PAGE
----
Learn about the price of the euro in Egypt today, Monday, January 11, 2021

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The exchange rate of the euro against the Egyptian pound declined today, Monday, in the dealings of banks, exchange companies and the Central Bank.

The average euro exchange rate decreased to about 19.08 pounds for purchase and 19.20 pounds for sale on the Central Bank of Egypt website.

The highest price for buying the euro against the Egyptian pound came at 19.08 pounds to buy at the National Bank of Kuwait (Piraeus).

The lowest price for selling the euro against the Egyptian pound came at 18.57 pounds for sale in the bank of the Arab International Banking Corporation SAIB

Dollar and sterling prices

The average exchange rate of the euro decreased to about 19.08 pounds for purchase and 19.20 pounds for sale on the Central Bank of Egypt website.

The average price of the pound sterling at the Central Bank of Egypt was 21.15 pounds for purchase and 21.33 pounds for sale.

Real, dirham, and dinar prices

The average price of the Saudi riyal with the Central Bank of Egypt was recorded at 4.15 pounds for purchase and 4.192 pounds for sale.

The average price of the Emirati dirham settled at 4.24 pounds for purchase and 4.28 pounds for sale.

The average price of the Kuwaiti dinar was 51.43 pounds for purchase and 51.85 pounds for sale.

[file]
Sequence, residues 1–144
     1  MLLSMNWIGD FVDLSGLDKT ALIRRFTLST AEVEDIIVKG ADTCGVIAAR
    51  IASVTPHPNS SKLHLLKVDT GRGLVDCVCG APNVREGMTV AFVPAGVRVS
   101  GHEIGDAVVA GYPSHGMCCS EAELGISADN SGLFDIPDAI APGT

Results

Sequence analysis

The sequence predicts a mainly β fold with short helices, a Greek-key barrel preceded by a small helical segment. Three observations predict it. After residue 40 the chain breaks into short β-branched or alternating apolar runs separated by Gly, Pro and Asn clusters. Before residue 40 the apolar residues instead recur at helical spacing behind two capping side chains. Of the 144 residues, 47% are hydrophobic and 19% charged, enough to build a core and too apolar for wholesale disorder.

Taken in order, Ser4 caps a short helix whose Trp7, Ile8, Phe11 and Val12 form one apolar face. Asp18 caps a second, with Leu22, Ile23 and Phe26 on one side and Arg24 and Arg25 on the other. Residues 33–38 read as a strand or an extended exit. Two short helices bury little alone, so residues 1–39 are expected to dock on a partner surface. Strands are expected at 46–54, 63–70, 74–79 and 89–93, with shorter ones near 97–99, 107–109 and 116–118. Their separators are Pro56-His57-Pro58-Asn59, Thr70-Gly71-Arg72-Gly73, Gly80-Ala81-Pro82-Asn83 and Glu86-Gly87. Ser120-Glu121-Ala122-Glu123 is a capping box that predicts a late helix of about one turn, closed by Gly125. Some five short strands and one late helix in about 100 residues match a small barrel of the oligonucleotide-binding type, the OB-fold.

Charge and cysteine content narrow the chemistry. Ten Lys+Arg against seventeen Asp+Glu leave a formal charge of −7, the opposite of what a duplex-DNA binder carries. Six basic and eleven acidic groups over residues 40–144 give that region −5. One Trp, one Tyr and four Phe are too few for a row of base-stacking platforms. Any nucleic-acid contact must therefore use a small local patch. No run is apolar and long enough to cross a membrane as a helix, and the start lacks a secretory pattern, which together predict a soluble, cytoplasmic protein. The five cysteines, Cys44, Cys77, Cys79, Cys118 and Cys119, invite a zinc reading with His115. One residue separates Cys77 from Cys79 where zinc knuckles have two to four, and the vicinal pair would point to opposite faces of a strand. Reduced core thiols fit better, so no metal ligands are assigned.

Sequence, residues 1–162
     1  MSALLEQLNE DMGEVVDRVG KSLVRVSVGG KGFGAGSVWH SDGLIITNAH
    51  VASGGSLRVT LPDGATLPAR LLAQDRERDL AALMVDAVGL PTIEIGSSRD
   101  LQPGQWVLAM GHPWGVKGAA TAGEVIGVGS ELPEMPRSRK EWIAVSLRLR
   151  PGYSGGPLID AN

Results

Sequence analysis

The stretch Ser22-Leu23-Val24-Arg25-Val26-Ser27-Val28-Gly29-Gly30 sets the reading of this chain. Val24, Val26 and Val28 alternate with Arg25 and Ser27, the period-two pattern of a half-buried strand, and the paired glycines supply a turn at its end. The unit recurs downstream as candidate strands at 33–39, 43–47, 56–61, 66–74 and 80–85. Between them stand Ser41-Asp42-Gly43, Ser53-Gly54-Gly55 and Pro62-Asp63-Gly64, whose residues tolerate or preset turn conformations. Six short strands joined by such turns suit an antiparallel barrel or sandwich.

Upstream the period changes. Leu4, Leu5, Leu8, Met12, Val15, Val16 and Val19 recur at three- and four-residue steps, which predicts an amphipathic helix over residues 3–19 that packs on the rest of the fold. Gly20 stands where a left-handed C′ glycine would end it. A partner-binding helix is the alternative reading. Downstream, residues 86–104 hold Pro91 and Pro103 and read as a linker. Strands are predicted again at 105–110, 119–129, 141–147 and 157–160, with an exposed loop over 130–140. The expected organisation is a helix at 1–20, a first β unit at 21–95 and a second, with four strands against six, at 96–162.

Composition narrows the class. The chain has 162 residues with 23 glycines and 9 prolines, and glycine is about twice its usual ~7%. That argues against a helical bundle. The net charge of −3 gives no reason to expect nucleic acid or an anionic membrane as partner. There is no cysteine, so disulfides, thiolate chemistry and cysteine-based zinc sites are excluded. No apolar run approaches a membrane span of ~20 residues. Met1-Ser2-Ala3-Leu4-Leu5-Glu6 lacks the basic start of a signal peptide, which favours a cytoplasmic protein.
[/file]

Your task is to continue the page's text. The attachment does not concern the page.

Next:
Great growth

The stability of the euro in Egypt comes after the International Monetary Fund, last Friday, raised its forecast for the growth of the Egyptian economy in the current fiscal year to 2.8%.

The IMF projections match the lower end of the range of the government’s own estimates thanks to a less severe contraction during the coronavirus pandemic.

The Egyptian economy received a boost in the past three years thanks to the recovery of tourism, remittances by Egyptians working abroad, and the start of production of newly discovered natural gas fields.

Dispel the impact of Corona

But since the outbreak of the Corona virus, tourism has been negatively affected, the price of gas has decreased and remittances of workers abroad have been endangered with the decline in oil revenues in the Gulf Arab countries, where a large number of Egyptians work.

In the first review of the latest credit preparedness agreement with Egypt, the IMF said, “The impact of Covid-19 on growth in Egypt has been less severe so far than expected, as strong consumption has contributed to compensating for the weak tourism and investment.”

In June, the IMF expected the economy to grow 2% in the 2020-2021 fiscal year that begins in July and ends in June.

The Fund said that the Egyptian authorities showed some flexibility in reallocating spending to support sectors and groups that are most vulnerable during the second wave of the Covid-19 pandemic.





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